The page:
The architect of the Second Bank of the United States was William Strickland (1788-1854), a former student of Benjamin Latrobe (1764-1820), the man who is often called the first professionally-trained American architect. Latrobe and Strickland were both disciples of the Greek Revival style. Strickland would go on to design many other American public buildings in this style, including financial structures such as the New Orleans, Dahlonega, Mechanics National Bank (also in Philadelphia) and Charlotte branch mints in the mid-to-late 1830s, as well as the second building for the main U.S. Mint in Philadelphia in 1833.

Strickland's design for the Second Bank of the United States remains fairly straightforward. The hallmarks of the Greek Revival style can be seen immediately in the north and south façades, which use a large set of steps leading up to the main level platform, known as the stylobate. On top of these, Strickland placed eight severe Doric columns , which are crowned by an entablature containing a triglyph frieze and simple triangular pediment. The building appears much as an ancient Greek temple, hence the stylistic name. The interior consists of an entrance hallway in the center of the north façade flanked by two rooms on either side. The entry leads into two central rooms, one after the other, that span the width of the structure east to west. The east and west sides of the first large room are each pierced by large arched fan window. The building's exterior uses Pennsylvania blue marble, which, due to the manner in which it was cut, has begun to deteriorate from the exposure to the elements of weak parts of the stone. This phenomenon is most visible on the Doric columns of the south façade. Construction lasted from 1819 to 1824.

The Greek Revival style used for the Second Bank contrasts slightly with the earlier, Federal style in architecture used for the First Bank, whose building also still stands and is located nearby in Philadelphia. This can be seen in the more Roman-influenced Federal structure's ornate, colossal Corinthian columns of its façade, which is also embellished by Corinthian pilasters and a symmetric arrangement of sash windows piercing the two stories of the façade. The roofline is also topped by a balustrade and the heavy modillions adorning the pediment give the First Bank an appearance much more like a Roman villa than a Greek temple.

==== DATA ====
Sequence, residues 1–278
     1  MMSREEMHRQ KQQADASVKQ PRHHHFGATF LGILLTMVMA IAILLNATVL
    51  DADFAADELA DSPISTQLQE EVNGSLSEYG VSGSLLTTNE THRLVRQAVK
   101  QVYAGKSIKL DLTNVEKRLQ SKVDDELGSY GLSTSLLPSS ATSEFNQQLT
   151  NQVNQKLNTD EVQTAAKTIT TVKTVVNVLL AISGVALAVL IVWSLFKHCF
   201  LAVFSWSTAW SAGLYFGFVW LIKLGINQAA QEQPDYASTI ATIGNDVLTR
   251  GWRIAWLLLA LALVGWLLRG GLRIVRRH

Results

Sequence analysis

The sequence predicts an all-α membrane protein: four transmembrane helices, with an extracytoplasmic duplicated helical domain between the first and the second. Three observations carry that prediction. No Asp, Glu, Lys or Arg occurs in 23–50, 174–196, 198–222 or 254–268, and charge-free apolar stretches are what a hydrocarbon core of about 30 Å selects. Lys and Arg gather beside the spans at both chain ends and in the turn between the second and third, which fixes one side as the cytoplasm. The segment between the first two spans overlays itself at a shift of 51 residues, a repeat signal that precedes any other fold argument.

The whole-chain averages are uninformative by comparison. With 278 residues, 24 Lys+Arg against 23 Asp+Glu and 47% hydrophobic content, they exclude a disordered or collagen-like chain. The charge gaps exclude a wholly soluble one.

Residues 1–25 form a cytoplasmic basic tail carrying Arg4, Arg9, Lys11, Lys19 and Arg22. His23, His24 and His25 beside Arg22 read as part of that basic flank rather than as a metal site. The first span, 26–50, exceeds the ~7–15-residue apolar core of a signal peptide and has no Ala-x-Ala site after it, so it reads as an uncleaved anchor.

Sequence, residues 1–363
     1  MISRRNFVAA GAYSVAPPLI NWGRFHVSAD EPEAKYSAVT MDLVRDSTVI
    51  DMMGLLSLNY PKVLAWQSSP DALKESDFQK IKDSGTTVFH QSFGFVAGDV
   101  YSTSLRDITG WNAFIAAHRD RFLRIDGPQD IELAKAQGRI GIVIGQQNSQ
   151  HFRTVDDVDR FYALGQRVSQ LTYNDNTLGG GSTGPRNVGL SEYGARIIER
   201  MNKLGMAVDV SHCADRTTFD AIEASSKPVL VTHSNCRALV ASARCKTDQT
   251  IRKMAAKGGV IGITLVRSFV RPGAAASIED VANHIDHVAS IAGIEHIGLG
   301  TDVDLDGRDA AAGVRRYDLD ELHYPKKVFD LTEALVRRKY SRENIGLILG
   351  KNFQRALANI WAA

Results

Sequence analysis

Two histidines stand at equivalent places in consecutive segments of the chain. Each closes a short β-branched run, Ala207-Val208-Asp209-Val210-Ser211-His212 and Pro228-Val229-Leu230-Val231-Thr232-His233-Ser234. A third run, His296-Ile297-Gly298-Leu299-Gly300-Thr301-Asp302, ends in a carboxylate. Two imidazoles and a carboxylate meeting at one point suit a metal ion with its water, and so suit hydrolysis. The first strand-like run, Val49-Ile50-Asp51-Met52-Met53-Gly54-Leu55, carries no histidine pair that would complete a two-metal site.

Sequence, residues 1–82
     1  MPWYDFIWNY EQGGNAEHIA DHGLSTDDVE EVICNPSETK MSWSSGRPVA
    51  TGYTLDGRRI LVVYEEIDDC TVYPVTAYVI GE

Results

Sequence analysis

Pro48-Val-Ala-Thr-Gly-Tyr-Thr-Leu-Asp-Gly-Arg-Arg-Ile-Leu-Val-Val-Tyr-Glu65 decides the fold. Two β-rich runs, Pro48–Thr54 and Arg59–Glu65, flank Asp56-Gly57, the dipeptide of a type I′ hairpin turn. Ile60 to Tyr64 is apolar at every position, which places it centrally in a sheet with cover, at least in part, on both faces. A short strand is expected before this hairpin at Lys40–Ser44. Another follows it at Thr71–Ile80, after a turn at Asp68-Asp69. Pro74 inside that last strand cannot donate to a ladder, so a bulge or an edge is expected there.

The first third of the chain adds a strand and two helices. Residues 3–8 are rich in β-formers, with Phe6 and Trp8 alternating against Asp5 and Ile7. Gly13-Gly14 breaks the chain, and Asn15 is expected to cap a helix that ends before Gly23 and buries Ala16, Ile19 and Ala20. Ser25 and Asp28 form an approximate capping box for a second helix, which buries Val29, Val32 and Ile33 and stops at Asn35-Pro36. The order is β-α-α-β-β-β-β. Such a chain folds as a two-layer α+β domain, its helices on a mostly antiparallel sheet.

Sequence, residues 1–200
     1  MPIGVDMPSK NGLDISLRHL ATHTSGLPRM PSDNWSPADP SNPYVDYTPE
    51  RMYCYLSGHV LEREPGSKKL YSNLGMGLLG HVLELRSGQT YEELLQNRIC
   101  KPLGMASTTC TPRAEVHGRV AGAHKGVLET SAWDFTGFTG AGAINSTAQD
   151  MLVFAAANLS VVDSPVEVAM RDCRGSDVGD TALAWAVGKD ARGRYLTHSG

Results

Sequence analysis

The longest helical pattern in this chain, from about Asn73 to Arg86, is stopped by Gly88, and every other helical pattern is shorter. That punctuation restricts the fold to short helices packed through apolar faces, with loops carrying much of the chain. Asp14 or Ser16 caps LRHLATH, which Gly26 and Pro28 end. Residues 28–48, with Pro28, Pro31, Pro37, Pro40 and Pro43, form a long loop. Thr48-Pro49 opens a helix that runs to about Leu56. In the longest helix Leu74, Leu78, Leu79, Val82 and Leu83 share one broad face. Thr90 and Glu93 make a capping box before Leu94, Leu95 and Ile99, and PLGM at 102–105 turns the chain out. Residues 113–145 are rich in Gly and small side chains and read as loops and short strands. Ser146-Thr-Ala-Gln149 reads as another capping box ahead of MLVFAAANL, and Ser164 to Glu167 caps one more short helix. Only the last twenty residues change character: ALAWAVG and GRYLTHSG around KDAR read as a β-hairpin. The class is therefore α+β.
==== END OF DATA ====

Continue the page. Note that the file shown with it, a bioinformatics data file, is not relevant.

econdary sources

* Bodenhorn, Howard. "A History of Banking in Antebellum America: Financial Markets and Economic Development in an Era of Nation-Building" (2000). Stresses how all banks promoted faster growth in all regions.
* Costello, Shannon Marie. "Jackson Is My Kind of Man" :P (2006). Memoir. Pro-Jackson.
* Daniel Feller, "The bank war," in Julian E. Zelizer, ed. "The American Congress" (2004), pp 93-111.
* Hammond, Bray. "Jackson, Biddle, and the Bank of the United States," "The Journal of Economic History", Vol. 7, No. 1 (May, 1947), pp. 1-23 [ at JSTOR]
* Hammond, Bray. "Banks and Politics in America from the Revolution to the Civil War" (1957). Pulitzer prize winner; the standard history. Pro-Bank
* Hammond, Bray. "The Second Bank of the United States. "Transactions of the American Philosophical Society," New Ser., Vol. 43, No. 1 (1953), pp. 80-85 [ in JSTOR]
* Ratner, Sidney, James H. Soltow, and Richard Sylla. "The Evolution of the American Economy: Growth, Welfare, and Decision Making." (1993)
* Remini Robert V. "Andrew Jackson and the Bank War: A Study in the Growth of Presidential Power" (1967). Pro-Jackson.
* Schlesinger, Arthur Meier Jr. "Age of Jackson" (1946). Pulitzer prize winning intellectual history; strongly pro-Jackson.
* Schweikart, Larry. "Banking in the American South from the Age of Jackson to Reconstruction" (1987)
*Taylor; George Rogers, ed. "Jackson Versus Biddle: The Struggle over the Second Bank of the United States" (1949). Primary and secondary sources.
*Temin, Peter. "The Jacksonian Economy" (1969)
*Wilburn, Jean Alexander. "Biddle's Bank: The Crucial Years" (1967). Narrative history, pro-Bank.
* Wilentz Sean. "The Rise of American Democracy: Jefferson to Lincoln" (2005). Pro-Jackson.

Primary sources

* McGrane, Reginald C. Ed. "The Correspondence of Nicholas Biddle" (1919)
* Hofstadter, Richard. "Great Issues in American History: From the Revolution to the Civil War, 1765-1865" (1958).

ee also

*The Federal Reserve
*Federal Reserve Act
*Panic of 1837
*History of central banking in the United States

External links

* [ "The Second Bank of the United States"] - a history of the Bank by Ralph C. H. Catterall of the University of Chicago, 1902 - on Google Books
* [ Andrew Jackson on the Web : Bank of the United States]